Basavanna’s Virashaivism

Basavanna started the Virashaiva Movement, along with Akkamahadevi and Allama Prabhu. It was influenced by the connection between Tamil Bhakti and temple worship. Karnataka served as the movement’s focal point during the middle of the 12th century. The Virashaivas promoted the fundamental equality of all people. Briefly stated, the movement placed a high priority on issues involving discrimination against women or lower castes. All the necessary information about the Virashaiva movement history is covered in the Extramarks Revision Notes.

The Saints of Maharashtra

Maharashtra had its share of saint-poets between the 13th and 17th centuries. These poets composed simple Marathi songs and were crucial in inspiring the people of Maharashtra. Some of the most notable and well-known poets among them are Dnyaneshwar, Tukaram, Eknath, and Namdev. Students can learn more about Maharashtra’s well-known saints and how they influenced the state’s citizens in this section.

Nathpanthis, Siddhas, and Yogis

Throughout this century, a wide variety of religious groups have developed. These religious movements denounced ritual and other components of traditional religion that were similar. The social structure was also extremely straightforward. These four religious groups engaged in a number of logical debates. Most people were familiar with Siddhacharas, Nathpanthis, Yogis, and other religious organisations that encouraged renunciation of the world. This subtopic focuses on various religious movements that had an impact on conventional religion’s beliefs and other religious facets during this time period.

Islam and Sufism

Sufis were typically favoured by the saints. They incorporated a wide range of ideas from each other. Muslims, or Sufis, were also mystics. Students will learn about the crucial relationship between Islam and Sufism under the heading “Islam and Sufism.” Sufis were Muslims who did not to practise outward religiosity. Students can refer to the Class 7 Chapter 8 History Notes to learn more about this.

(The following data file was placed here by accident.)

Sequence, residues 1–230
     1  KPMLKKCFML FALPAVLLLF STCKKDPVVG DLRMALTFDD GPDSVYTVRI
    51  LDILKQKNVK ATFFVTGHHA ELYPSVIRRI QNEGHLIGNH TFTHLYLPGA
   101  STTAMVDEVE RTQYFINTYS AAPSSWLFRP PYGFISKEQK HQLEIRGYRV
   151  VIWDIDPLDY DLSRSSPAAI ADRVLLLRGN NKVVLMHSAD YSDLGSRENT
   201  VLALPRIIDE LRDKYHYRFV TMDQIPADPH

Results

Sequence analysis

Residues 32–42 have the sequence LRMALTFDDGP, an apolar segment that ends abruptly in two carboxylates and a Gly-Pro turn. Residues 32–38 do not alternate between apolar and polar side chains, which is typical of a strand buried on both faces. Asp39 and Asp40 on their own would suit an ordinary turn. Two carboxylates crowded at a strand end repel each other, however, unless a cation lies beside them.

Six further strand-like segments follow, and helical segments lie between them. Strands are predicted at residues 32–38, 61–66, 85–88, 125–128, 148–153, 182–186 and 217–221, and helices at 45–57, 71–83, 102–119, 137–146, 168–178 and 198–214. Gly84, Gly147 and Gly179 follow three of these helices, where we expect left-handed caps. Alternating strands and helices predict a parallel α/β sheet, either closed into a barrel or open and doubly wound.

New Religious Developments in North India

A completely new phase of the pre-existing Bhakti movement appeared in North India after the 13th century. Brahmanical Hinduism, Islam, various Bhakti schools, Sufism, the Nathpanths, Yogis, and Siddhas all had an influence on one another. Students will discover more about the changes that occurred in North India after the 13th century in this subsection.

A Closer Look – Kabir

Kabir lived between the 15th and 16th centuries. He was acknowledged as one of the most influential and well-known saints. He was raised by Muslim weavers, also known as Julahas. Students will learn more about Kabir’s life and legacy during this century.

A Closer Look- Baba Guru Nanak

In 1469, Baba Guru Nanak was born in Talwandi. He was an extensive traveller and set up a facility in Kartarpur. The chapter’s final section provides students with summaries of Baba Guru Nanak’s life. It discusses what Baba Guru Nanak accomplished during his lifetime and how his actions affected people’s religious beliefs.

FAQs (Frequently Asked Questions)

1. What were Baba Guru Nanak's main teachings?

Sikhism’s founder figure is Guru Nanak. The Guru Granth Sahib is the Sikhs’ sacred text. 974 hymns comprised of Guru Nanak’s words make up the Adi Granth Sahib. He was a Punjabi native. The majority of his life stories were concocted 50 to 80 years later using imagination and the scant information that was known about him. Among Guru Nank’s most significant teachings are:

  • There is only one God.
  • There are no rituals necessary for anyone to gain direct contact to God.
  • The most significant teaching of Guru Nanak was his strong condemnation of the caste system.
  • He held that everyone was created equal, regardless of caste, gender, or religion.
  • According to him, Guru is the voice of God and the ultimate source of knowledge and salvation.

2. What were Kabir’s ideologies?

The following are some of Kabir’s ideas and how he expressed them.

  • To achieve Salvation, Kabir emphasised Bhakti.
  • Kabir believed in the idea of the Supreme God who is formless.
  • Kabir criticised the caste system.
  • He also criticised the priestly class.
  • Major traditions of religions were rejected by Kabir.